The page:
When I first started my search, several families urged me to consider the Deerfield school district.  When I first called and talked to the woman in charge of student services (or whatever the title is called who is in charge of IEPs), I was hopeful. They said their preferred placement was in the home school and tried to support the child in their local environment. However, when I kept digging, I found out that if the curriculum had to be modified in any way, the child would have to move to a self-contained classroom. So they would under no circumstances (at least I was told) modify the general Ed curriculum. I was floored. So Luke would probably be fully included for elementary likely with some pull out services for math and reading I’m guessing (that they provide in each home school), but that at some point, he would have to move to a self-contained classroom as I am guessing he probably wouldn’t be able to do the exact same homework assignments as his peers. So a district that was highly acclaimed by several families would not be a good fit for us. 

You also have to specific about feedback from families who have children with Down syndrome. Not everyone believes in full inclusion for their child, and not every child is a good candidate for it, but someone who isn’t interested in inclusion may also speak highly of a district that doesn’t truly support inclusion. So a generic stamp of approval, even from a parent with a child with Down syndrome, may still not mean that same school district will be a good fit for you and your child. 

So what to do?  You have to sit down and and think hard what you are looking for from a school district. No one is going to guarantee that your child will be fully included for their entire education in their district. They don’t know your child and their needs may change as they grow. So for us, we wanted a district that would be willing to listen to us and work with us to determine a plan that would be best for our child and help us execute that plan. We also wanted to be in a district that would be open to the concept of inclusion, even if we later determined that Luke wouldn’t be a good candidate, we still wanted to be in an area that supported the concept philosophically. 

So with that thought in mind, I set out to call 8 different school districts including our old one. A few never called me back, which I took to be a bad sign. I was surprised and disappointed that there weren’t more districts that were more supportive of inclusion. I wonder if the cuts in funding combined with the over emphasis on standardized testing (among other things) is what has caused this trend. In our old district, they have adopted an individualized model and end up clustering like-minded together to more efficiently and cost effectively teach to each child so groups of children could move at a pace similar to their peers. Unfortunately, this also means that “like-minded” ends up resulting in self-contained classrooms for children with a learning disability. I was under the impression that this customized model is well suited for gifted children, but I was surprised that there are districts who do both gifted and inclusion well (such as our current district from what I hear and hope to be true and I didn’t even know they also cater to gifted education well until after we moved). So the two do not have to be mutually exclusive.  In fact, I have heard that classrooms where children are fully included have less bullying, more sensitivity and an increased understanding of the material as explaining it to someone else helps reinforce their lessons as well as build leadership skills and increase self-confidence.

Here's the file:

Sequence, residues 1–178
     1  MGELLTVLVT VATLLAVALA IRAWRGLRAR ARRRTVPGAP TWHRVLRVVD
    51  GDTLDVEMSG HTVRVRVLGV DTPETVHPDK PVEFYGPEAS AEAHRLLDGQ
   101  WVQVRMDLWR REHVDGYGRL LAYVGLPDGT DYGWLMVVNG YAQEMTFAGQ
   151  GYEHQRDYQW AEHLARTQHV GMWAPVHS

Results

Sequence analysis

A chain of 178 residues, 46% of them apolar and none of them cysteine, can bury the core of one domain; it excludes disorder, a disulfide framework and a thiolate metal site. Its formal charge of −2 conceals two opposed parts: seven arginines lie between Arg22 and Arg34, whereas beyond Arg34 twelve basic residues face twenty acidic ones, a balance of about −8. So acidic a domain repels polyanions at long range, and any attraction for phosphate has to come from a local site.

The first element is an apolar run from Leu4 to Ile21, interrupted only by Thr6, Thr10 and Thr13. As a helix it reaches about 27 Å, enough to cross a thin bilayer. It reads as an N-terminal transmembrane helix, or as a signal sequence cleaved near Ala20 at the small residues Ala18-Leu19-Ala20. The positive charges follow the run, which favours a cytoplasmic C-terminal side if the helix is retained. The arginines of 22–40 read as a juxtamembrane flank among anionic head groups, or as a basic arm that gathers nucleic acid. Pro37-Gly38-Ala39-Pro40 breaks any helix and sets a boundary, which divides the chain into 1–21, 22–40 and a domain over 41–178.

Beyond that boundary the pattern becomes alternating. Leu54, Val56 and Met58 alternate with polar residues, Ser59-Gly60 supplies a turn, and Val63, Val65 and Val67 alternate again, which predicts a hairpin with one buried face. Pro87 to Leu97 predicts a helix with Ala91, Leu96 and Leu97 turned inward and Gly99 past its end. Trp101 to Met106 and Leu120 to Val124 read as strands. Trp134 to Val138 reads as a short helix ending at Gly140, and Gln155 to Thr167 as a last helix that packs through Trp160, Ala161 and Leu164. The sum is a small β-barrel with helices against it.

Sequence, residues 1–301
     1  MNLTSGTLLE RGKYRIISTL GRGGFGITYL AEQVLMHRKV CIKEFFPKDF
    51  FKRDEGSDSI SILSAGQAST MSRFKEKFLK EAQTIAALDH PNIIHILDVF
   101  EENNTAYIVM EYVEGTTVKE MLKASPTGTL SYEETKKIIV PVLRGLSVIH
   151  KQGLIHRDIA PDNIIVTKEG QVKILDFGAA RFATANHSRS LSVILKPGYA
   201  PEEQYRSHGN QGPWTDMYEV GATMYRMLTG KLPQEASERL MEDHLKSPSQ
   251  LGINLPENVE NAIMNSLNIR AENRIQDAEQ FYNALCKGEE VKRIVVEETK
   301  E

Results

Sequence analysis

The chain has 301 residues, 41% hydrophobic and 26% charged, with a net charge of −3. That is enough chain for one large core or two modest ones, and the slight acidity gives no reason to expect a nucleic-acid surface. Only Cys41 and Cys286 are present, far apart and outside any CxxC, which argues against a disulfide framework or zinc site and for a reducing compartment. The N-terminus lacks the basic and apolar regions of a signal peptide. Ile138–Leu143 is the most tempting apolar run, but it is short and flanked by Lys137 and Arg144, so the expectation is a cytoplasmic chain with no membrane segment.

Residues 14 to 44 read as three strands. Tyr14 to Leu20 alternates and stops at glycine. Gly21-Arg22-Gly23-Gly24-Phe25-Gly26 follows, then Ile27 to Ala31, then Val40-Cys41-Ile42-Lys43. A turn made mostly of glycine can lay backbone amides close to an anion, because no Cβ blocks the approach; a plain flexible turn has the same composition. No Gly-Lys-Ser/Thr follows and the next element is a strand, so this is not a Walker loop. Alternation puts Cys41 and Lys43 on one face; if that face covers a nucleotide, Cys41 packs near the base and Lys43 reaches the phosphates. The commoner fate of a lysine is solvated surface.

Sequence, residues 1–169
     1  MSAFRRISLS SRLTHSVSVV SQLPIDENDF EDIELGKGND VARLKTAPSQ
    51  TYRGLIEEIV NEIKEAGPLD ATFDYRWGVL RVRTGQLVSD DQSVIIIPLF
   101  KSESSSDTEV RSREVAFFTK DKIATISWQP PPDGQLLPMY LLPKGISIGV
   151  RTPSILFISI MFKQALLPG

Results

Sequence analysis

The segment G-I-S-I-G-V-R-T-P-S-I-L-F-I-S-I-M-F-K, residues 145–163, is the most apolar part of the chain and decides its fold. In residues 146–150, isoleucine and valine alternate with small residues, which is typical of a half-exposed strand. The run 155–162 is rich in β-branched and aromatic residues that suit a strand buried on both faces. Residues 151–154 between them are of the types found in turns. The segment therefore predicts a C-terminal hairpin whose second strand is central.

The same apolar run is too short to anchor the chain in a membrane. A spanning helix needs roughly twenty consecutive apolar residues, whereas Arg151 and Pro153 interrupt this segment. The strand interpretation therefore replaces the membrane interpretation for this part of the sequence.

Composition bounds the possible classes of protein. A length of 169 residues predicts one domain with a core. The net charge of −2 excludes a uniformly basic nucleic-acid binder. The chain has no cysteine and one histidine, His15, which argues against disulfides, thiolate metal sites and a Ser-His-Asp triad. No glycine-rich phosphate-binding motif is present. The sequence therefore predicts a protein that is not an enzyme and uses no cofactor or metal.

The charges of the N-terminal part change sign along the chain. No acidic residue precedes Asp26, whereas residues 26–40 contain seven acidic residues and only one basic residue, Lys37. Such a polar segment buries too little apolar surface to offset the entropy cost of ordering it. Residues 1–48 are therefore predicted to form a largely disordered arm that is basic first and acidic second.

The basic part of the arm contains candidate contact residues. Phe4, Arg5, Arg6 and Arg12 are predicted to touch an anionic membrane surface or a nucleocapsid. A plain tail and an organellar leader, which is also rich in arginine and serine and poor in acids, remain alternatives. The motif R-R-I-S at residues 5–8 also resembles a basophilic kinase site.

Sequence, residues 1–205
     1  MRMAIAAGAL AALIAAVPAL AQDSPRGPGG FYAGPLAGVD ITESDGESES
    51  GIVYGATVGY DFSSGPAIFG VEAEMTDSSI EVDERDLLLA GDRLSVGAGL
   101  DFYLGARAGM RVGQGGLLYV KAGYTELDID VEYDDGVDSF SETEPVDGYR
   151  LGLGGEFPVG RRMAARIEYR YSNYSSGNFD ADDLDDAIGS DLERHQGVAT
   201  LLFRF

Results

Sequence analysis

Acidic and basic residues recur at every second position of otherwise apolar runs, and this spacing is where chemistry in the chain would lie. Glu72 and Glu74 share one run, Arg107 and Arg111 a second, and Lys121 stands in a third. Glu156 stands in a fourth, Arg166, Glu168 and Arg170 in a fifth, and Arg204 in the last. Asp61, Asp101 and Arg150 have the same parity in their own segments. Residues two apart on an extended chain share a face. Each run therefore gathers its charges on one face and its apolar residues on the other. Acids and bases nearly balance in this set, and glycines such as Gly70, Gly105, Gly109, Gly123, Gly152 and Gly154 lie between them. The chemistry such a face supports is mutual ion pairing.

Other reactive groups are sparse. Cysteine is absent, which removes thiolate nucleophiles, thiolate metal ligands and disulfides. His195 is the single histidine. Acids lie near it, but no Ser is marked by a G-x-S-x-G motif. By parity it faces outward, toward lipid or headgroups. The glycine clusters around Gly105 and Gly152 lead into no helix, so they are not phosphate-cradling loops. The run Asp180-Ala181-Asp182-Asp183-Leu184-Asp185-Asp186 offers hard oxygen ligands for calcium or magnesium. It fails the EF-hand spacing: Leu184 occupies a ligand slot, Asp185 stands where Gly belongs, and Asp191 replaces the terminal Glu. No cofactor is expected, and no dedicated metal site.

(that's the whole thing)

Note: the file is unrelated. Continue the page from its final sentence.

In the end, we narrowed it down to 3. The one where we ended up had the best combination of location, house and neighborhood feel. We feel that this is the place for us, and I felt very welcome when I visited the local school in person with Luke in tow. It took a lot of work and I’m hoping that we made the right choice, but my gut tells me that we have. 

Now what to do if you can’t move because you have other children to consider or other reasons? I will still recommend doing your research both on your current district and other local ones. Try to find out what other local schools are doing well so that you know what you are aiming for or want. If your district is just inexperienced but willing to work with you, this can be a huge plus. Just try to work collaboratively and be reasonable and realistic as most districts are resource constrained. Try to be accommodating as well and help and get involved with the school, especially if you already have children in the district. I believe that having a good solid working relationship as a foundation will go a long way to having a collaborative relationship for giving your child with Down syndrome the best education he or she can get. 

And if your district isn’t so supportive?  Reach out to other families and see if it would be helpful to group together and have more influence with numbers on your side. You may also want to look into hiring or obtaining an advocate or lawyer. Legally, your child has a right to be educated in the Least Restrictive Environment (LRE) and you have rights through IDEA (Wright’s Law is a great source if you have to take this route). 

Talk to others online (there are many online support groups on Facebook) and seek out their advice. There is a wealth of knowledge out there and many people willing to help. No matter what your journey and how tough it is, know that the destination is worthwhile and the rewards will be worth it.